Nathalie Pechalat and Fabian Bourzat have twice finished just off the podium at Worlds. This year, they looked primed to take one of the top three spots, until a training accident left Pechalat with a severely broken nose and a need for surgery to repair the damage done. However, surgery would have surely kept them from competing. So, instead they chose to risk it — she skated with a protective mask in practices, taking care not to further the injury. But their determination to skate in front of their home-country fans and create their own French magic has them in Nice, readying to compete once again.

Standing in their way, though, is a host of anxious challengers, hungry for their own spot on the podium. Certainly the most likely candidates for medals come from the current hot-bed of ice dance — North America.

Kaitlyn Weaver and Andrew Poje are sure to impress in Nice, what with their French inspired Free Dance and all. Plus, they’ve made a steady rise this season and could be set to peak at just the right time. So, too, could be their closest rivals — Americans (and reigning World bronze medalists) Maia Shibutani and Alex Shibutani.

Now, a few short months ago (say, before U.S. Nationals), I would have undoubtedly given the nod to the Canadians. They have plenty of miles on their programs this season, they’re comfortable, confident, and committed, both to the character of the dance and to their medal hunt. The Shibutanis, then, were not capitalizing on the potential of their samba Short Dance, and it was costing them.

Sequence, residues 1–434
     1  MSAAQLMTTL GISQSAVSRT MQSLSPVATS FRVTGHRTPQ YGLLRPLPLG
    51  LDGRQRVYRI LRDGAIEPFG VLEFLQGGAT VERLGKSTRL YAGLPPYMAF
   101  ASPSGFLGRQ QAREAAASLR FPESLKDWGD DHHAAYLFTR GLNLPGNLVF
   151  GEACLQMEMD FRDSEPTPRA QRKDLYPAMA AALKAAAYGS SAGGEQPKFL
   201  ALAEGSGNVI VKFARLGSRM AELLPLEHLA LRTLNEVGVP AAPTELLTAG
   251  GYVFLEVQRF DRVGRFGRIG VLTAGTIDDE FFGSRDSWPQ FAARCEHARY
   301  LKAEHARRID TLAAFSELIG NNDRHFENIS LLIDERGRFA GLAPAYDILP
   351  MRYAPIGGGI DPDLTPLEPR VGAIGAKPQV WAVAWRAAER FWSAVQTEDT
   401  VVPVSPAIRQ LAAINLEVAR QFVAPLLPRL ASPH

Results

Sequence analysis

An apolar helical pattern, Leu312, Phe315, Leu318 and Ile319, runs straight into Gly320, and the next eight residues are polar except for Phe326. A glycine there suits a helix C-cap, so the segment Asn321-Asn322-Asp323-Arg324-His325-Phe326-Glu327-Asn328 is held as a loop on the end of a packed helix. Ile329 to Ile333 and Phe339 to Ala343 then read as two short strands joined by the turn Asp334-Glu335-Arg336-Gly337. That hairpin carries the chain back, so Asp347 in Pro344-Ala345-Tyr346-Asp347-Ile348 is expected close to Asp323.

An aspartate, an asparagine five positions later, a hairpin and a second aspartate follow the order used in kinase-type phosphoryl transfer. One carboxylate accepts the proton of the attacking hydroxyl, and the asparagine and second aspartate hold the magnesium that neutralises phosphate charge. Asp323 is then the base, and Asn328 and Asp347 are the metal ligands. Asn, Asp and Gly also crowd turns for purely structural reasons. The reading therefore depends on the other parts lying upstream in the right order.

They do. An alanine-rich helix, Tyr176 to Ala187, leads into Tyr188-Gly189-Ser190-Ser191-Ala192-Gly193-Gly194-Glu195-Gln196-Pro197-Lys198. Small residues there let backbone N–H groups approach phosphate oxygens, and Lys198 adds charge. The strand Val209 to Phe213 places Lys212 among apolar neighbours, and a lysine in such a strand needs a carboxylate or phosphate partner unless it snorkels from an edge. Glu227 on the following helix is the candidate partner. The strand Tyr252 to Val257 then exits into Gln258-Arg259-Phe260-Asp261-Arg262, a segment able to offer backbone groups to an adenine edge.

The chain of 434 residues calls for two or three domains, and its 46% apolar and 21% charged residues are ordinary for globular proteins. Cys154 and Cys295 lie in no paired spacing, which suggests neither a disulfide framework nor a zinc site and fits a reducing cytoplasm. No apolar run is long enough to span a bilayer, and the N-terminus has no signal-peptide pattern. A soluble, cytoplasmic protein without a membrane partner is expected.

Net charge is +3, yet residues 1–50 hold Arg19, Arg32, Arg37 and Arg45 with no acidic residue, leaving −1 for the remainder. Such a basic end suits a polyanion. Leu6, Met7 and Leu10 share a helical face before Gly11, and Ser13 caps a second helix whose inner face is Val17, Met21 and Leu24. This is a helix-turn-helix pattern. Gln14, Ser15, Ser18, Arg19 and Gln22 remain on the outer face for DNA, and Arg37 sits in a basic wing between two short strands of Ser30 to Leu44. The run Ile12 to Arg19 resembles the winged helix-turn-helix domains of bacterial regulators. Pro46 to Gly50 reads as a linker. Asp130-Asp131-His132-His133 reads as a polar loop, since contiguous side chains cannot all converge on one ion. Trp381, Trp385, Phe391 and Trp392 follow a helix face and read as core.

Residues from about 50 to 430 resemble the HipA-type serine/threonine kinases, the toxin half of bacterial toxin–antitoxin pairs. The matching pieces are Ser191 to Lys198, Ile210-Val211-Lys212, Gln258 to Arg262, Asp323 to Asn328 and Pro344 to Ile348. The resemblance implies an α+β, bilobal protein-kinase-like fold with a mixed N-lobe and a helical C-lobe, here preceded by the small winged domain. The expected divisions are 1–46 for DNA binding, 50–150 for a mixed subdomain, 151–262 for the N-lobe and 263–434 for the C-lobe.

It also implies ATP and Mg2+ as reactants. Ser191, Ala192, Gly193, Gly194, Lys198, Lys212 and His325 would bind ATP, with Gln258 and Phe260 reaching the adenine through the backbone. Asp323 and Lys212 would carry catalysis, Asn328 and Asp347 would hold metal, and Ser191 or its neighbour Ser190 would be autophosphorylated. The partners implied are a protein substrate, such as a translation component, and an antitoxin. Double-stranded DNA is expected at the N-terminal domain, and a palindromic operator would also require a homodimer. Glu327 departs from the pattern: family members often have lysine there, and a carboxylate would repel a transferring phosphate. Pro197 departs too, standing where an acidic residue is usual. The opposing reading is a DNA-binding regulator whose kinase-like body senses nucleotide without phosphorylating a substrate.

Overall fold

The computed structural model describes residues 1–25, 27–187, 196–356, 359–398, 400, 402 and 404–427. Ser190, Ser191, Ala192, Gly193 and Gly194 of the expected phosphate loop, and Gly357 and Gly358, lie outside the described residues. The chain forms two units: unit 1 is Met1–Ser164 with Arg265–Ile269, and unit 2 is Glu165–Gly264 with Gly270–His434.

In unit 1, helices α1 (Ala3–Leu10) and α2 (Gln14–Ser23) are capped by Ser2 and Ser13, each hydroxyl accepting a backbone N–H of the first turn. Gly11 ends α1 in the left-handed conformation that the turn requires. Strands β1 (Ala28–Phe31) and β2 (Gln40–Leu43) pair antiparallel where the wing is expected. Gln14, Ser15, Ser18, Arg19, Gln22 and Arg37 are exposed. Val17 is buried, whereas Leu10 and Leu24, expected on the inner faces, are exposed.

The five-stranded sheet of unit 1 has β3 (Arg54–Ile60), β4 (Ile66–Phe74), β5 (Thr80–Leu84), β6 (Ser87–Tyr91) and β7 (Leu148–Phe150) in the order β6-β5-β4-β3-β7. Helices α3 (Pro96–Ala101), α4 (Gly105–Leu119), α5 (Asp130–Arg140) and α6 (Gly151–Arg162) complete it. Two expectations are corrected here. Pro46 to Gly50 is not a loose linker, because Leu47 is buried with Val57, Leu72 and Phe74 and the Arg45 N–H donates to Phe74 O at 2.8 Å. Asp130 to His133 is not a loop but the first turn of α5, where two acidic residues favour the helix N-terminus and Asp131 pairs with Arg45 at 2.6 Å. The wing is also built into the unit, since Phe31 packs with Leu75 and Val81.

These two had great expectations placed on them this year, after their meteoric rise through the senior ranks last season. But let’s not forget — this is only their second year on the senior circuit!

That said, they’ve put in massive amounts of work, not just on their SD, but now on their FD as well, working with dance pro Corky Ballas. And my, oh my does it show, even in the short practice clips we’ve seen. This may just be the ticket to topping the Canadians.

The Russian team of Ekaterina Bobrova and Dmitri Soloviev would like to make a podium push, as well. The Russian dominance in Ice Dance for so many years has been seriously lacking. These two would like to change that. However, they themselves are seriously lacking in some areas. They have the skills, but often they lack the quality — which, in judge-speak equals Grade of Execution points.

Ice Dance has truly become a highlight of any event, especially at this level for two reasons — the level of depth and competitiveness, and the brilliance of Davis/White and Virtue/Moir.

This battle for gold could be one for the ages. Both teams are so equally capable. Their programs are suited to the system perfectly. While some (myself included) find Meryl Davis and Charlie White’s waltz a far better carriage for their skills, others prefer Tessa Virtue and Scott Moir’s Funny Face dance.

The reality is, on paper, these two teams are separated by a razor thin edge. At least, they should be. This title will come down to two things … and probably really only one.

Levels and components.